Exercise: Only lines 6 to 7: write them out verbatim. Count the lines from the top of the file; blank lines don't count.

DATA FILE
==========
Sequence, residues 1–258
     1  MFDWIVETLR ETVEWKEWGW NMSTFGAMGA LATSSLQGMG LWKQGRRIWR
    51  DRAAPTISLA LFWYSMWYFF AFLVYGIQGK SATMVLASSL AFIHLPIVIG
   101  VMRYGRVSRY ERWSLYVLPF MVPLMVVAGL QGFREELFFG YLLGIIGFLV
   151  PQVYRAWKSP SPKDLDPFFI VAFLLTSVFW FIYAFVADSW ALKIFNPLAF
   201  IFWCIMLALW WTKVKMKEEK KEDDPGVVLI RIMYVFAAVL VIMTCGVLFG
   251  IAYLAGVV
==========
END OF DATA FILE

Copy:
   201  IFWCIMLALW WTKVKMKEEK KEDDPGVVLI RIMYVFAAVL VIMTCGVLFG
   251  IAYLAGVV